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As an add on to my recent blog, I thought you might find this other detail about prolactin levels (PRL) interesting.  Several studies including a one published in 2009, have demonstrated a positive correlation between PRL and increased CVD risk in both men and menopausal women.  This correlation, which is believed to be the result of PRL’s vasoconstrictive effects, was evident while PRL levels remained well within range!

Women in early menopause with a PRL level just > 170 mIU/L (or 12.6 ng/mL) had 100% sensitivity in predicting a high peripheral blood pressure.

These researchers concluded that “Prolactin may play a role in accelerated arteriosclerosis in early menopause by affecting central/peripheral blood pressure and arterial stiffness.”  Similarly an earlier study in men, again found PRL in the slightly upper end of a ‘normal’ range correlated with increased blood pressure and hypertension rates.

So keeping an eye on PRL levels may also be a good inclusion in CVD risk monitoring and again, lowering even slight elevations, could prove highly beneficial according to the study by Sowers et al 1981.  Good food for thought perhaps.

It’s Friday…I thought you might need some reading matter for the weekend 🙂

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Back a few weeks ago I had the pleasure of presenting at the Integria Symposium and the even greater pleasure of listening to some of the fabulous speakers …you see I’ve heard my stuff before! 😉 The ‘Mosaic of Autoimmunity’ was delivered by the very funny and knowledgeable Professor Yehuda Shoenfeld, who reiterated the sequence of events now well recognised to precede and precipitate autoimmunity: genetic susceptibility + endocrine context + environmental trigger –>autoimmunity.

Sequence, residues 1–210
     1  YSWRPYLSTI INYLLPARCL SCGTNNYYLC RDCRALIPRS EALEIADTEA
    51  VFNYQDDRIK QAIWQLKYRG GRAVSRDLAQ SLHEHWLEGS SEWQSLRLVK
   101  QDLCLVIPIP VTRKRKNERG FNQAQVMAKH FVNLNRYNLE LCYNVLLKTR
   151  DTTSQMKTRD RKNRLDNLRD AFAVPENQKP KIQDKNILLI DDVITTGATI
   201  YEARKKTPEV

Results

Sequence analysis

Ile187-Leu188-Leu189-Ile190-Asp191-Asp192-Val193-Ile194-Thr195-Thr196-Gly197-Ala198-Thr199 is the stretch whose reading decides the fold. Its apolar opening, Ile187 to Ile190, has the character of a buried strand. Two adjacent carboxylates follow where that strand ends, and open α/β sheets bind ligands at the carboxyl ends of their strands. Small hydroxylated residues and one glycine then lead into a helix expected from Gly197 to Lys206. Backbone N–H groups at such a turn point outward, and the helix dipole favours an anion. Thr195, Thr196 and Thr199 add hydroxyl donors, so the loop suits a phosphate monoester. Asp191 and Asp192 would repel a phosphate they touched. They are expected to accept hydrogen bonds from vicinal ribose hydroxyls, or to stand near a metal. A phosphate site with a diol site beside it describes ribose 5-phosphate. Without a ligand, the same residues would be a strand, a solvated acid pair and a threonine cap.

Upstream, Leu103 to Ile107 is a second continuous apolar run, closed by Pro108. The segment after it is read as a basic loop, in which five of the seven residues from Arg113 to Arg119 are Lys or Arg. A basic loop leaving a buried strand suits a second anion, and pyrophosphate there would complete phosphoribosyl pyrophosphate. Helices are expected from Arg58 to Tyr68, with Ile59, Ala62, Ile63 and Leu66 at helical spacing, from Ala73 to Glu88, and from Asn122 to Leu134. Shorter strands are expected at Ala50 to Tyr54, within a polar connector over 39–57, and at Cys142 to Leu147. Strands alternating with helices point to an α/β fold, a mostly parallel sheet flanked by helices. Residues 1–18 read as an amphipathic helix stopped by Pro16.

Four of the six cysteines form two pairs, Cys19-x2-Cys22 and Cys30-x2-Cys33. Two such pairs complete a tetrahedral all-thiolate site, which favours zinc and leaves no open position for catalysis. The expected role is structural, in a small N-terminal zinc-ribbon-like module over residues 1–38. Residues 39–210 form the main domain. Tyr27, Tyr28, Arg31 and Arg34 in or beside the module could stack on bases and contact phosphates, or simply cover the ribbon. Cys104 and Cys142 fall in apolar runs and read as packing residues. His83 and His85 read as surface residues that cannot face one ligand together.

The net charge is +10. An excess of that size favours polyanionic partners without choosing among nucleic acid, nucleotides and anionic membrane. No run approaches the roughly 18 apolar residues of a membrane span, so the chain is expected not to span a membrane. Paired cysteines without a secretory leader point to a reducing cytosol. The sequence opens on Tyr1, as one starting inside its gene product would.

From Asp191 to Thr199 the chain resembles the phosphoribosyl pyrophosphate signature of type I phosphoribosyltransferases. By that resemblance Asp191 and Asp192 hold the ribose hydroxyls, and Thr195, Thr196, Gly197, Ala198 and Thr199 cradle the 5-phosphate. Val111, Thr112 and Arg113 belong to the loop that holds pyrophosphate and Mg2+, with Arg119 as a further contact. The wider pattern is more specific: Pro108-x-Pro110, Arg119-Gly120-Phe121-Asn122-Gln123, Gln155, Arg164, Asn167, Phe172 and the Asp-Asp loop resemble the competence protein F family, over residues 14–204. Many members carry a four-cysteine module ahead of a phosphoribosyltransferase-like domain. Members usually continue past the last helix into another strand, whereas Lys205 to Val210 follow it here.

Clinicians know that overwhelmingly women dominate when it comes to autoimmune disease epidemiology and most understand that this is a consequence of oestrogen’s immunostimulatory effects.  Professor Shoenfeld, described the female, or E2 dominant, immune system as being ‘super charged’ and that increased rates of autoimmune diseases were a reflection of this. Sometimes practitioners do initially great work with a/immune clients – clearing up the diet & gut, ensuring vitamin D adequacy etc and then get ‘stuck’ or plateau with antibody levels that ‘won’t budge’.  Going back and checking the hormonal contribution in the case is often indicated. If the patient has an unhealthy E2 dominance and /or impaired detoxification and clearance of this hormone then working on this aspect often kickstarts the next stage of improvement.

A new thing to me (I know I’m a bit slow sometimes 🙁 )  was his mention of the potential link also with high prolactin (PRL).  The literature on this is extensive and hyperprolactinemia (HPRL), even just mild elevations, have been correlated with a very long list of both systemic and organ specific diseases including: (more…)

untitled-design-7While I am a sponge for new information I do have my moments… delusional moments when I think, ‘I am done learning’. These are usually very short lived, maybe an hour, half a day?  Inevitably, patients and the practitioners I have the honour of mentoring snap me out of that complacency real fast.